Course: Introduction / Policing
The Hundred was a unit of ten tithings (or 100 households) under the old English Frankpledge system.
The Hundred was a unit of government administration and policing under the old English Frankpledge system. This system was developed in the early Middle Ages and was based on the principle of collective responsibility. The Frankpledge system was established to maintain law and order in the community and was based on the idea that every member of the community was responsible for the conduct of all others.
The Hundred was an administrative unit that consisted of ten tithings, or groups of ten households, with a total population of about 100 people. The members of each tithing were collectively responsible for each other’s behavior and were required to present wrongdoers to the local court for punishment. The tithing system was a means of social control, designed to maintain law and order by ensuring that every member of the community was held accountable for their actions.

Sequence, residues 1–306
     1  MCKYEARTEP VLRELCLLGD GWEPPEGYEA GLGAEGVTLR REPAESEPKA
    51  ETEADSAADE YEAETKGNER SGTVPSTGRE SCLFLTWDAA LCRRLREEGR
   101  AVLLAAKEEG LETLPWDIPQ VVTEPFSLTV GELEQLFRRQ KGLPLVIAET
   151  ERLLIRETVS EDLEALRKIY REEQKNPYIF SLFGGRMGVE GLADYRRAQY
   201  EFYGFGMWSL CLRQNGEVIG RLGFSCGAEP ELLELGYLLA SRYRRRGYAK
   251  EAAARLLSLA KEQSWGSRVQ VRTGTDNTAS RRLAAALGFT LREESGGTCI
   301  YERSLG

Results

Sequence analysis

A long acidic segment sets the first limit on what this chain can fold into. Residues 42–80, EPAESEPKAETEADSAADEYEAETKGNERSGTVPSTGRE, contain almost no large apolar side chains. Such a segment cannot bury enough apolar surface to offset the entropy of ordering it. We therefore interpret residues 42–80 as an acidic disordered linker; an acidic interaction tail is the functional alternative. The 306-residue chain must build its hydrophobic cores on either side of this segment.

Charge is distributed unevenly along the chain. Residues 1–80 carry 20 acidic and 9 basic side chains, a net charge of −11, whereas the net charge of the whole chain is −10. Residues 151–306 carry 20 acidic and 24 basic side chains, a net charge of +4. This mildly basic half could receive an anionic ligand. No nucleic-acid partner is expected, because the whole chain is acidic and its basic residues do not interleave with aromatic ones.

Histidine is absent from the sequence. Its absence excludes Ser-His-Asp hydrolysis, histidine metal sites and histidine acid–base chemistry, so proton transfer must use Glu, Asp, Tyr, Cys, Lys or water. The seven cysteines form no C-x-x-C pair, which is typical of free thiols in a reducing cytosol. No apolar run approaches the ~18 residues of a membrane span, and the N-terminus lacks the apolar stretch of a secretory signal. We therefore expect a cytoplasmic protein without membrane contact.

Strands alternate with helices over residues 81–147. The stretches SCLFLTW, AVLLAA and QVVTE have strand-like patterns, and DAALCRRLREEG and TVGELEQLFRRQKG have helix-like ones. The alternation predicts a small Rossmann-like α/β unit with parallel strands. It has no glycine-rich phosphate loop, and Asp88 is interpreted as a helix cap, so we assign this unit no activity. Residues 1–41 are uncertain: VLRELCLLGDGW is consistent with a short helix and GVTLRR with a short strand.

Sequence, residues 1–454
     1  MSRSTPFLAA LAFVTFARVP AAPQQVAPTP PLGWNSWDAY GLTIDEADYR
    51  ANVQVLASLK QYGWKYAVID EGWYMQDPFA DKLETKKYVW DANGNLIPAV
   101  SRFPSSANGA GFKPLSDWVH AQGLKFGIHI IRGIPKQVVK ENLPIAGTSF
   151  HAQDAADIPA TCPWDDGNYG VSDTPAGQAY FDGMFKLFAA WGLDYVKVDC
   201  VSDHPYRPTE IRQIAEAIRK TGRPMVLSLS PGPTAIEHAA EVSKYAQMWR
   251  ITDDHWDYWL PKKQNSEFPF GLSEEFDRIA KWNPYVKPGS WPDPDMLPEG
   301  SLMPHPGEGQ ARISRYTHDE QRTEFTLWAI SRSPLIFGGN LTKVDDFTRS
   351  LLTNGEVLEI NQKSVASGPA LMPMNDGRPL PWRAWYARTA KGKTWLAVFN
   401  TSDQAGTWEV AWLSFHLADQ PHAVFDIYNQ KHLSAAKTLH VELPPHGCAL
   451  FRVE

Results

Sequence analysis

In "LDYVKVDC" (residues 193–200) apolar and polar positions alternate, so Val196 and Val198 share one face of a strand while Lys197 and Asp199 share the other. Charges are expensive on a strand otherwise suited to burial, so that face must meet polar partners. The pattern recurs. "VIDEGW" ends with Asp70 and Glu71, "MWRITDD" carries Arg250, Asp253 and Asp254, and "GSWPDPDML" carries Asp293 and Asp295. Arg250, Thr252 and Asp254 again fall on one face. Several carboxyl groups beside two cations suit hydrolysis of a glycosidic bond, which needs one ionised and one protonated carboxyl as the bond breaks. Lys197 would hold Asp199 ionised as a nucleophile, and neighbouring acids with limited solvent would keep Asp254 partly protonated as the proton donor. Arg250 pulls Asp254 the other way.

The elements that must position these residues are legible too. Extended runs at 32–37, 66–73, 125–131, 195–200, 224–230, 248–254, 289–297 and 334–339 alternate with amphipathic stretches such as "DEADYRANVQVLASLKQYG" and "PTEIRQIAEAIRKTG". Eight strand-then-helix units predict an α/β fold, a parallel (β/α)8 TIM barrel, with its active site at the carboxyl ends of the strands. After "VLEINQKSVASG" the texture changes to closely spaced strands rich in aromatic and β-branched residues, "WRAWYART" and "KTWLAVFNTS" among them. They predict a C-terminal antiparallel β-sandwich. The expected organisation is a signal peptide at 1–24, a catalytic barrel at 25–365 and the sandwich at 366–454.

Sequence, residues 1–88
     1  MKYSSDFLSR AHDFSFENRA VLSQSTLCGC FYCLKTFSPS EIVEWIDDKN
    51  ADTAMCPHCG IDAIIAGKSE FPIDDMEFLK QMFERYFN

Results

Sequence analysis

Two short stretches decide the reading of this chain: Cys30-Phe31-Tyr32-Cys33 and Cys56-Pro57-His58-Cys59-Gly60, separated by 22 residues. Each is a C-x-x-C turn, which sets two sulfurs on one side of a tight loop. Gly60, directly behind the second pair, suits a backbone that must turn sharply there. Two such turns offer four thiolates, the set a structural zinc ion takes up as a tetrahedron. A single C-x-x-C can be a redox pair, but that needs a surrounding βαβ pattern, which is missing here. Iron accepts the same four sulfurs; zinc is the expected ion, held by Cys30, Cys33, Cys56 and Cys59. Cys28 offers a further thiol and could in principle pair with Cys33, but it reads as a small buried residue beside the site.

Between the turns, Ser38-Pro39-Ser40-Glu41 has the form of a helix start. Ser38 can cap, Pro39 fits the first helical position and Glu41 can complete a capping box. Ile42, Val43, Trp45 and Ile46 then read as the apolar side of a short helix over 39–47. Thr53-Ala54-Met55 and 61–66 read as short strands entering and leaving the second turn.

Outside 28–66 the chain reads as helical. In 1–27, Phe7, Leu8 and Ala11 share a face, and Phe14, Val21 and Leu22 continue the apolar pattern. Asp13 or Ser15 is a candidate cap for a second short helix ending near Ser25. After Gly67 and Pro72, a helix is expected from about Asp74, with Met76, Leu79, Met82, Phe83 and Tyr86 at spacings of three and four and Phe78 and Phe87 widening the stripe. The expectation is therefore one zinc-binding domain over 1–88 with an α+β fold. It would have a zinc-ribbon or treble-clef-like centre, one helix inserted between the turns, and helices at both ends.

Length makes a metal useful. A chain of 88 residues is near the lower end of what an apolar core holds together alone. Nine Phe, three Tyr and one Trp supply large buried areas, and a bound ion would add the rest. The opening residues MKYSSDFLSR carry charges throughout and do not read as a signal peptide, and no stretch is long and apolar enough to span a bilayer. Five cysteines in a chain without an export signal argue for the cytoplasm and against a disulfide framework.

The Hundred was led by a Hundred-man, or Hundred-reeve, who was appointed by the local lord or the king. The Hundred-man was responsible for enforcing the law and maintaining order in the community. He was assisted by a group of twelve men, known as the Twelve, who acted as a jury and were responsible for hearing cases and making judgments.
The Frankpledge system and the Hundred played an important role in the development of English law and government. They were the forerunners of modern policing and the justice system. The system was based on the idea that every member of the community had a responsibility to uphold the law and that individuals were accountable for their actions. This principle remains a cornerstone of modern law enforcement and the criminal justice system.
Today, the term “Hundred” is still used in some parts of England for administrative purposes, but it no longer has any connection to the Frankpledge system or law enforcement. The legacy of the Frankpledge system can still be seen in the structure of modern law enforcement and the principle of collective responsibility that underpins it.
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Last Modified: 04/10/2023